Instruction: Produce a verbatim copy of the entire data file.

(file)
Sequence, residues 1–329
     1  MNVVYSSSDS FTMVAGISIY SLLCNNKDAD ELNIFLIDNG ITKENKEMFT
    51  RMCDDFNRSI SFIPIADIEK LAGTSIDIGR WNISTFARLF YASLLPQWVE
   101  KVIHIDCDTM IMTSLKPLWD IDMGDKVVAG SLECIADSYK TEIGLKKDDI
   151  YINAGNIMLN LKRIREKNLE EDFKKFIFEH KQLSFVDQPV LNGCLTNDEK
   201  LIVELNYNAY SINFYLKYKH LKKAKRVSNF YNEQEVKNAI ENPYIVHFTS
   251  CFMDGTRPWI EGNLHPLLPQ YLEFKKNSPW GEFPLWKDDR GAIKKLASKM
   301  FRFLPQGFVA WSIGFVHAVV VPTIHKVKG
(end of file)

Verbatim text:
Sequence, residues 1–329
     1  MNVVYSSSDS FTMVAGISIY SLLCNNKDAD ELNIFLIDNG ITKENKEMFT
    51  RMCDDFNRSI SFIPIADIEK LAGTSIDIGR WNISTFARLF YASLLPQWVE
   101  KVIHIDCDTM IMTSLKPLWD IDMGDKVVAG SLECIADSYK TEIGLKKDDI
   151  YINAGNIMLN LKRIREKNLE EDFKKFIFEH KQLSFVDQPV LNGCLTNDEK
   201  LIVELNYNAY SINFYLKYKH LKKAKRVSNF YNEQEVKNAI ENPYIVHFTS
   251  CFMDGTRPWI EGNLHPLLPQ YLEFKKNSPW GEFPLWKDDR GAIKKLASKM
   301  FRFLPQGFVA WSIGFVHAVV VPTIHKVKG